I attended my first Biennial in 1987 in Chicago, when I was 16. Rachel Shabbat Beit-Halachmi, then a leader in our synagogue and NFTY, invited me to attend. Anatoly Sharansky (now Natan Sharansky), symbol of Refusnik’s worldwide, had just been released and came to the Biennial.
And when they brought him to the dais, the NFTY members spontaneously ran forward, armed linked, singing as only chutzpadik youth can:
Anatoly as long as you are there /We the children of Israel share your prayer. /Anatoly as long as you’re not free /Neither are we. (Doug Mishkin)
Our hearts soared—we welcomed a dissident, a global leader for freedom. Ani v’atah n’shaneh et haolam. We believed we could change the world. And we did.
I’ve been to every Biennial since 1987, save for two. Why keep going? Beyond the programming and the gathering and the worship and the leadership development, somewhere in the back of my psyche I’ve been hungering to recreate that perfect moment from my youth. There have been terrific conventions along the way and memorable speeches and worship and awards. But this past week in San Diego, I felt that same energy, that same sense of Jewish promise and potential, that same hope and belief that we could transform the world as I did 26 years ago. There isn’t “one” thing that made this Biennial so magical; all the parts fit together to make a more beautiful whole.
It was Duncan on the bimah, a 13 year old advocating for marriage equality, because his rabbis and his congregation call forth their youth to believe in justice and speak for human dignity and it was Jonah Pesner’s stirring tribute to Nelson Mandela.
It was the soaring Shabbat morning worship with Rabbi Rick Jacobs and Cantor/Rabbi Angela Warnick Buchdahl (a classmate of whom the kvelling knows no end).
It was learning Torah with Paul Kipnes, Donniel Hartman and Amichai Lau Lavie and Shira Klein and Sharon Brous, Yehuda Kurtzer and Ruth Messinger who stirred our souls in ways that were provocative and soul stirring and agonizing and inspiring.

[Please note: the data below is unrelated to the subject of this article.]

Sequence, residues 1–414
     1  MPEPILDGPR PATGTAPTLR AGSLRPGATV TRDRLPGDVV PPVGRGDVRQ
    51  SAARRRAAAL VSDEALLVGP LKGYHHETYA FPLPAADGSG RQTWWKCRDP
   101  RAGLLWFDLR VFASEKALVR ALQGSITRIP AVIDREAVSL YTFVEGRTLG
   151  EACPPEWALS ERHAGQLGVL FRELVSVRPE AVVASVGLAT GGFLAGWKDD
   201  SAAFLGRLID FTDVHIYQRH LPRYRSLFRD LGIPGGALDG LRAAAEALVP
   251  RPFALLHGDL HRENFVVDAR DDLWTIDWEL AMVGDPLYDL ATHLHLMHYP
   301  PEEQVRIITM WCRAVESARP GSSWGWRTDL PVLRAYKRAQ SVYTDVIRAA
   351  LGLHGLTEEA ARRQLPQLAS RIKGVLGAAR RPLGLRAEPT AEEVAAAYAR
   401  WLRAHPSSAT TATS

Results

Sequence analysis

When David Ellenson placed his hands on Aaron Panken’s head and blessed him as he becomes President of HUC-JIR, it felt as though we were watching the first s’micha.
Rick’s Thursday night address was captivating and bold and creative, as were many of the workshops.
The URJ Professional leadership didn’t shy away from the tough issues facing congregations and our relationships with the URJ and the world, but they weren’t defeatist or depressive. The Campaign for Youth Engagement is serious, compelling, and resourced.
Friday night’s D’var Torah was a personal, clarion call to engage in gun violence prevention on the eve of the first anniversary of Sandy Hook. We celebrated Women of Reform Judaism and Anat Hoffman, who lifts our souls and whose tenacious advocacy for an Israel hospitable to our values and our dignity and our worth is prophetic.
At Biennial, we wept together, as colleagues and friends, for Phyllis and Michael Sommer, as they held their dying son Superman Sam, who was their son and touched all our hearts. The bitter and the sweet, darkness and light, together.
In Chicago 87, I met Dolores Wilkenfeld, a strong, elegant, gracious leader of WRJ. She was a courageous role model, a visionary supporter of NFTY and women’s reproductive health care. On motzei Shabbat, I embraced Dolores again. She’s a bit older now, as WRJ celebrates their 100th Anniversary and NFTY 75th. But seeing her, remembering all that we have done and become in the past quarter century, I was transported back to the future. Old friends, a new beginning.
To all the URJ leadership, professional and lay, who organized this Biennial 13; for all our colleagues who taught sessions and lead worship and embraced each other with ideas and weeping and tenderness; for everyone who continues to challenge us to be the most creative, welcoming, inviting movement in Jewish life, who demands we surpass our prophetic ideals of justice and compassion, who will settle for nothing less than spiritual excellence, I lift up my heart in my hands and offer deep, profound, humble gratitude. Thank you.
Rabbi Michael Adam Latz serves Shir Tikvah Congregation in Minneapolis, MN.
2 replies on “Biennial 13: Reflections from a Biennial-o-phile Rabbi”
I would have loved to have been there. . . have been to only a very few . . . for the reason many of us don’t attend. We have no funding and it is so very expensive. There used to be regional conferences for the rest of us, less expensive, less far to travel, more opportunities for the many middle class congregants. Alas, that is all in the past. So glad you had a fantastic time; wish more Reform Jews could have.
Michael, you truly captured the Biennial experience.